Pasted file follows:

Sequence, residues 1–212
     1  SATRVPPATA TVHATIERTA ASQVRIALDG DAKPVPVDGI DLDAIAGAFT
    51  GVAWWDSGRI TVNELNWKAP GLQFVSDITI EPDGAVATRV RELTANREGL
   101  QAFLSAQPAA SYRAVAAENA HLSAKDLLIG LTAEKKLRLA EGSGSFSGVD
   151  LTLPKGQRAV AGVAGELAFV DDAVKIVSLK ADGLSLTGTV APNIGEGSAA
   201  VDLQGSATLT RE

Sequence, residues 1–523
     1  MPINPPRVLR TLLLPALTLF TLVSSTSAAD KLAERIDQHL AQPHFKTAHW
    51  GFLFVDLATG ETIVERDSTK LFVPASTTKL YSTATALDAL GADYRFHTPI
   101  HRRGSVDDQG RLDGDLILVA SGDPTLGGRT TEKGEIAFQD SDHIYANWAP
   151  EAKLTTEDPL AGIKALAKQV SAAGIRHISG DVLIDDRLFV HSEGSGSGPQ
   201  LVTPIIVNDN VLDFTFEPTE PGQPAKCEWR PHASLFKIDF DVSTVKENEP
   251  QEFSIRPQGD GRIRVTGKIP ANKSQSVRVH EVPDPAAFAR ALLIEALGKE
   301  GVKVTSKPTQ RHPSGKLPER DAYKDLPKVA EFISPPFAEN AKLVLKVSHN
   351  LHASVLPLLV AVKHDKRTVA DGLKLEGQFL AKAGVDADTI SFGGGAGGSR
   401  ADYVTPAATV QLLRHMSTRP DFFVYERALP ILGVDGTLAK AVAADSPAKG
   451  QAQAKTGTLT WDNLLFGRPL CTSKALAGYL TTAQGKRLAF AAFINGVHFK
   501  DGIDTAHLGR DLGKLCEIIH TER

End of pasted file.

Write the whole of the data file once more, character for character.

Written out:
Sequence, residues 1–212
     1  SATRVPPATA TVHATIERTA ASQVRIALDG DAKPVPVDGI DLDAIAGAFT
    51  GVAWWDSGRI TVNELNWKAP GLQFVSDITI EPDGAVATRV RELTANREGL
   101  QAFLSAQPAA SYRAVAAENA HLSAKDLLIG LTAEKKLRLA EGSGSFSGVD
   151  LTLPKGQRAV AGVAGELAFV DDAVKIVSLK ADGLSLTGTV APNIGEGSAA
   201  VDLQGSATLT RE

Sequence, residues 1–523
     1  MPINPPRVLR TLLLPALTLF TLVSSTSAAD KLAERIDQHL AQPHFKTAHW
    51  GFLFVDLATG ETIVERDSTK LFVPASTTKL YSTATALDAL GADYRFHTPI
   101  HRRGSVDDQG RLDGDLILVA SGDPTLGGRT TEKGEIAFQD SDHIYANWAP
   151  EAKLTTEDPL AGIKALAKQV SAAGIRHISG DVLIDDRLFV HSEGSGSGPQ
   201  LVTPIIVNDN VLDFTFEPTE PGQPAKCEWR PHASLFKIDF DVSTVKENEP
   251  QEFSIRPQGD GRIRVTGKIP ANKSQSVRVH EVPDPAAFAR ALLIEALGKE
   301  GVKVTSKPTQ RHPSGKLPER DAYKDLPKVA EFISPPFAEN AKLVLKVSHN
   351  LHASVLPLLV AVKHDKRTVA DGLKLEGQFL AKAGVDADTI SFGGGAGGSR
   401  ADYVTPAATV QLLRHMSTRP DFFVYERALP ILGVDGTLAK AVAADSPAKG
   451  QAQAKTGTLT WDNLLFGRPL CTSKALAGYL TTAQGKRLAF AAFINGVHFK
   501  DGIDTAHLGR DLGKLCEIIH TER